Trumpeter 1/35 German Geschützwagen Tiger Grille 21/210mm Mortar 18/1 L/31 Kit First Look
|Date of Review||May 2010||Manufacturer||Trumpeter|
|Subject||German Geschützwagen Tiger Grille 21/210mm Mortar 18/1 L/31||Scale||1/35|
|Kit Number||1540||Primary Media||Styrene, Photo-Etch|
|Pros||Nicely detailed kit of this unique late-war mortar concept||Cons||Nothing noted|
|Skill Level||Basic||MSRP (USD)||$139.95|
The Germans were adapting a variety of combat vehicles into support vehicles. In the early days of the war, the Czech-built LT-38 was widely employed as a platform for artillery, anti-tank weapons, etc. As the war progressed, the role of weapons platform befell upon other main battle tanks that were obsolete. It didn't take long for the logistics trains to get stretched to the point where supplying parts for old and new tanks was becoming a problem, so the weapons designers began using the hulls of current and soon-to-be deployed tanks in order to provide greater parts commonality and ease the logistics trail.
One such design was the Grille series of gun platforms based upon the hull of the Tiger II tank. This particular chassis was not only in-step with the deployment of the Tiger II into service, the large platform allowed for larger guns to be mounted without exceeding the mobility and stability of the chassis. In one case, designers created a self-propelled mortar system based on this Tiger II hull and armed with a 21cm L31 mortar.
Trumpeter has released another interesting German World War II weapons system that almost made it into service. This is the Grille (Cricket) based upon the Tiger II chassis and armed with a 21cm mortar. You'll note that the retail price is a bit higher than many of its recent armor releases, but then you'll see just how much plastic is inside the box!
The kit is molded in light gray styrene and presented on 15 sprue trees plus a separately packaged lower hull, one set of vinyl tracks, and one fret of photo-etched parts. According to the specs, this kit is comprised of 592 parts, 14 of which are not used in this variant.
So what is special about this Tiger II-based release? This is the first kit that features a full interior from driver's compartment to engine compartment. You can show off this vehicle with everything unbuttoned. What's more, the mortar is designed to be posed separately as this vehicle was supposed to be able to dismount its main weapon for fixed position fires should the need arise.
Construction begins with the suspension and road wheels, and you'll be making 22 sets of road wheels plus drive sprockets and return rollers. When the suspension and road wheels are completed, you'll flip the hull over and start the installation of the floor plates and mounting rails for the mortar.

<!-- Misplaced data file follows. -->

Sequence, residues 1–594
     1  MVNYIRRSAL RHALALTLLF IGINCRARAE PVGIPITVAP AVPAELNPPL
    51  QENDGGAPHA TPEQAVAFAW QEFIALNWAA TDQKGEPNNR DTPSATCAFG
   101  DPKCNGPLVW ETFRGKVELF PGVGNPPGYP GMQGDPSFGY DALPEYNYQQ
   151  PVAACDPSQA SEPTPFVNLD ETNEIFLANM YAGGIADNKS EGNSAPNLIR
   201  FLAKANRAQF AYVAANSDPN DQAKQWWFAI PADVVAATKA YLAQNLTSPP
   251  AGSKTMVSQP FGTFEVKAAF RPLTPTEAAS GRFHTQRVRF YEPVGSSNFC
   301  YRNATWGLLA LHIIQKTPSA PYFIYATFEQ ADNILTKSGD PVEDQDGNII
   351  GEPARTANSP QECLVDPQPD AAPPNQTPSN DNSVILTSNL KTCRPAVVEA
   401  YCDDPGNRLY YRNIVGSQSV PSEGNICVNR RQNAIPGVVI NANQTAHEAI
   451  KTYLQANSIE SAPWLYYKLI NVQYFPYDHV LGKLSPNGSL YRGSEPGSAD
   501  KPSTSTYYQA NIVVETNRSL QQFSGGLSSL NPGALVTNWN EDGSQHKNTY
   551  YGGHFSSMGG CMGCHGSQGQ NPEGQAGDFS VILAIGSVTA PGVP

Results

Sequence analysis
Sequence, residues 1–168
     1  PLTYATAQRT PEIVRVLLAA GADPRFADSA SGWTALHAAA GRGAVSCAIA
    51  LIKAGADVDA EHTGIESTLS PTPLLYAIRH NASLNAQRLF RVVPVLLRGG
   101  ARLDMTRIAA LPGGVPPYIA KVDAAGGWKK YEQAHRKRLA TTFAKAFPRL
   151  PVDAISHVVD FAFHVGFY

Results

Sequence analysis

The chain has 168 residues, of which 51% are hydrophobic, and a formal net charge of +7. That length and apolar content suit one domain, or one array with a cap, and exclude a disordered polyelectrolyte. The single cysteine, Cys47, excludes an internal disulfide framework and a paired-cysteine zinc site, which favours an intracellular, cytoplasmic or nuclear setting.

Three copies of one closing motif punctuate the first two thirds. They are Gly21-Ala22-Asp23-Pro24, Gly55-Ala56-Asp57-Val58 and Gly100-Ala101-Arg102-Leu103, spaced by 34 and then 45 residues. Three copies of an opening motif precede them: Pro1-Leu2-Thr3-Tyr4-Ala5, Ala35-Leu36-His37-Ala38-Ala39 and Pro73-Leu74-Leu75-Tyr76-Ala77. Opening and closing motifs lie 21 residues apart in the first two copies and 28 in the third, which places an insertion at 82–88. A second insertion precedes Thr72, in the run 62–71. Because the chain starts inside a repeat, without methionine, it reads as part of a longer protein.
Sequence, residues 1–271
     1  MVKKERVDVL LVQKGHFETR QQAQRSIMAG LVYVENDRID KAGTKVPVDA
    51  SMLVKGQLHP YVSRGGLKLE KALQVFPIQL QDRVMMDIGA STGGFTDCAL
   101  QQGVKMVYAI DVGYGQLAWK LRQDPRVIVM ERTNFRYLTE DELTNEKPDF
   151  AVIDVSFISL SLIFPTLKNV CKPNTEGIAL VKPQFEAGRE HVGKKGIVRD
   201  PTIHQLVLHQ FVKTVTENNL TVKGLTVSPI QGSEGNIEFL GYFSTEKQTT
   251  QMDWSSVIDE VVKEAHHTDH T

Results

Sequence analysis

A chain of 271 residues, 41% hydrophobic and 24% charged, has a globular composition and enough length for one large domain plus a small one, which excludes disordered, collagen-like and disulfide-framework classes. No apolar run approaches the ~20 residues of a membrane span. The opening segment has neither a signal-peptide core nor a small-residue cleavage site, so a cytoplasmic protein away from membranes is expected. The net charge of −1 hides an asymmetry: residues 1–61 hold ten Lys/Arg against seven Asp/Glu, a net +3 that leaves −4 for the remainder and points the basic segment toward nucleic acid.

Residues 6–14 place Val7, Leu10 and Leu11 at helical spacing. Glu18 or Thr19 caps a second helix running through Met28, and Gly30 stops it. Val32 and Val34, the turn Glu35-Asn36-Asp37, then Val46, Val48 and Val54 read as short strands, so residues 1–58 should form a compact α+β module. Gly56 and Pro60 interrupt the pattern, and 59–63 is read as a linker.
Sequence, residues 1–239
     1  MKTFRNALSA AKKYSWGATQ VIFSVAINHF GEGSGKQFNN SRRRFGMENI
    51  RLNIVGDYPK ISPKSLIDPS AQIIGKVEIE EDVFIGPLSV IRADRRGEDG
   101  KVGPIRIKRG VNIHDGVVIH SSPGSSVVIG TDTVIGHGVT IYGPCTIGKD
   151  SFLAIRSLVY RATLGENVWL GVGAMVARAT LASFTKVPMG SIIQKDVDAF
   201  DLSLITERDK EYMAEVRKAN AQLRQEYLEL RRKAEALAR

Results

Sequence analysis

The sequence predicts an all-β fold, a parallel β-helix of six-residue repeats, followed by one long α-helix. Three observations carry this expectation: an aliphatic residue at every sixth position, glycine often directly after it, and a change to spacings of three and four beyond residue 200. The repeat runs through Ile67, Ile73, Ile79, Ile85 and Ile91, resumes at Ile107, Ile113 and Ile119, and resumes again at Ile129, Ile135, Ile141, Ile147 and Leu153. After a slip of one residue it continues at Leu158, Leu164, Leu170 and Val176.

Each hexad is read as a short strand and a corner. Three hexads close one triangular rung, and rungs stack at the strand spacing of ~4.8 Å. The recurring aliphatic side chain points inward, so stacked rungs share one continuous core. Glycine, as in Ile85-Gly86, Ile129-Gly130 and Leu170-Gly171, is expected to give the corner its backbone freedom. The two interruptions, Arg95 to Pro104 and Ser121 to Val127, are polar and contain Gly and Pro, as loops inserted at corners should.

The kit provides a highly detailed engine and transmission. The transmission is mounted in the driver's compartment and interconnects to the engine on the other side of the firewall behind the driver. The engine compartment is complete with radiator fans and other nice detailing which will be visible with the access hatches open.
The rear of the chassis receives more details for the mortar mounting and deployment rails. The side-armored enclosure is hinged to allow the shell to also be opened up. The kit provides some working hinges that will need to be assembled with care to prevent them from being glued together incorrectly.
Note that the instructions do not show you how to open up the separately molded driver and engine access hatches. You might want to study these instructions so you can plan in advance on how this beast will be displayed and build accordingly.
The remainder of the focus is on the mortar and its mount. Note that the kit provides options for having the mortar mounted in the hull or on a separately provided rotating base. As with the interior of this kit, the mortar itself does not lack for detailing.
With all of the details in this hull, I can't help but wonder if Trumpeter is planning a super-detailed Tiger II series in our future. Given all of the Panzer IV hull variants that have been produced to date, it is a foregone conclusion that we'll be seeing some highly detailed Panzer IV tanks in the future as well. If you don't want to wait on Trumpeter to release a Tiger II tank and you're going to build this kit with the driver and engine compartment closed up, you can rob these interior parts to super-detail a DML Tiger II. However you want to build it, this will be an eye-catching armor addition to your cannon-cocker collection.
My sincere thanks to Stevens International for this review sample!